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Having a gigabit connection and choosing a far-away mirror causing long time to update system is always frustrating. Its also hard to figure out the nearest mirror for every server, when you are dealing with servers deployed world-wide.

Luckily for Debian, there is a mirror selector which automatically finds the nearest one and uses it while working with apt.

To use it, replace the currently configured Debian mirror in sources.list with the following address:

e.g. for Debian jessie

deb jessie main contrib non-free

Its also available for Backports and older versions. More details at

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Script 1:

wget -O - -o /dev/null | bash

Script 2: (Credits)

wget 2>/dev/null -O- | bash
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Few days before, when I heard of the iCloud leak and #Fappening, it wasn’t hard for me to find the mentioned files and I queued it for download. Sitting at home reading few books, with an almost unusable laptop, thoughts came to my mind, keeping the privacy issues apart, why do I need to see it?

I don’t even remember hearing those names, stopped collecting porn videos/images a long time ago, but I do watch videos streamed once in a while. Has that got any effect on me? Diving more into it over the internet lead me to many videos, articles and ebooks. Found this particular TEDx video worth sharing. Not just because of the content inside the video, but also the comments.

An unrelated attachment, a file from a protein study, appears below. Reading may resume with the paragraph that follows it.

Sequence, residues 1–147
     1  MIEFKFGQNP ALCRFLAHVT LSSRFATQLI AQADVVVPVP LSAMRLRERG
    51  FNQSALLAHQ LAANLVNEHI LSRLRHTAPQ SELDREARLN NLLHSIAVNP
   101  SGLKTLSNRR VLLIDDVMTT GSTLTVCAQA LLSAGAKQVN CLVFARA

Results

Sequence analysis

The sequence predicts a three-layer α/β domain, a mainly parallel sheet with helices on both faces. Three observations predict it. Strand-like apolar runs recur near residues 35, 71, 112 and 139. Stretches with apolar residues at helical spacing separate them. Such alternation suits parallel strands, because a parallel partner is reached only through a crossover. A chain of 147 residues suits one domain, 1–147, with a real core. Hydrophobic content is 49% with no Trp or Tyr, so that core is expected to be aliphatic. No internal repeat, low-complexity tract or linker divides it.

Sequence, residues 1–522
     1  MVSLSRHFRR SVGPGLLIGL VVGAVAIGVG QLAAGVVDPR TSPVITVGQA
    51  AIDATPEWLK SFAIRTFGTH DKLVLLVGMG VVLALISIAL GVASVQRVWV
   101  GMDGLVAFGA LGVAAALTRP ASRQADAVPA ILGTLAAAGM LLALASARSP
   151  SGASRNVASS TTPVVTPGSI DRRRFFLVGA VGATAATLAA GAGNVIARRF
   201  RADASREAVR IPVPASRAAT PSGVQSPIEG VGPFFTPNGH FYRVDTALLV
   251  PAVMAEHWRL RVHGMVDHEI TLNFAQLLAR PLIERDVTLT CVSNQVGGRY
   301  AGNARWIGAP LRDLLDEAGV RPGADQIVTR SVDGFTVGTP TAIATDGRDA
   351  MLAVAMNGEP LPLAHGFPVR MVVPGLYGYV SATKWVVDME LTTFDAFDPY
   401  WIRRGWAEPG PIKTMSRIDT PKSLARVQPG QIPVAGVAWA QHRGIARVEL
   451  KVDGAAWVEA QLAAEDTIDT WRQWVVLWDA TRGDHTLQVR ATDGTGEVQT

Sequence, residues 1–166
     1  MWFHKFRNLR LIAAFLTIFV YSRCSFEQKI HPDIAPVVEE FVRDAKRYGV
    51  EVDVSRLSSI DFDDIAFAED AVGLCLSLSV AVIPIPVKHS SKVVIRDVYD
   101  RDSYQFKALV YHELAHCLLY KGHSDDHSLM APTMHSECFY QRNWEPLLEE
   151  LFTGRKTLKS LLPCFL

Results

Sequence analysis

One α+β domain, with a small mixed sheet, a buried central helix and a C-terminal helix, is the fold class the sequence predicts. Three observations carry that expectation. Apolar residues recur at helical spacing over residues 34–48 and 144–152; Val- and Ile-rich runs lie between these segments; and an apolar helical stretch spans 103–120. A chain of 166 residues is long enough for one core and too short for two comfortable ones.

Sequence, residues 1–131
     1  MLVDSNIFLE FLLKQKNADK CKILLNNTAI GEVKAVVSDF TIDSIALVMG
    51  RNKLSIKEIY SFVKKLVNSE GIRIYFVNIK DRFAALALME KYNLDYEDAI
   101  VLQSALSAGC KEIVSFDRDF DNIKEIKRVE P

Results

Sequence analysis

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phpMyAdmin being the most used tool for managing MySQL databases comes as a package with Debian and works out of the box with “apt-get” along with apache, php and mysql.

But, when switching over to suPHP from the apache mod_php plugin, even if every other things work, phpMyAdmin fails.

The error looks like:

File does not exist: /usr/share/phpmyadmin/navigation.php<, referer: http://localhost/phpmyadmin/

This is because its configured to work only for mod_php. The configuration file is located at “/etc/phpmyadmin/apache2.conf”, which is symbolically linked at “/etc/apache2/conf.d/phpmyadmin.conf”

The easier option is to enable “mod_php” by typing in “a2enmod php5” as described at Sysadmin World.

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Everytime, when I do a fresh installation of Debian, I come across the issue of mounting USB drives. Since all the USB drives I connect are of NTFS partition, spends time on searching issues related to NTFS and finally sorts out the issue, which has nothing to do with NTFS.

The error is caused by an entry in the “/etc/fstab” file, which contains the configurations for mounding drives. Since I use Pen drives for installation, an entry is created for the device during installation, detected as “/dev/sdb1”, which is the second disk after the internal hard disk.

The first partition of all usb devices plugged in first will be detected as “sdb1”, and the entry in “fstab” file prevents mounting it. To get rid of the issue, just delete the line starting with “/dev/sdb1” in the “fstab” file.

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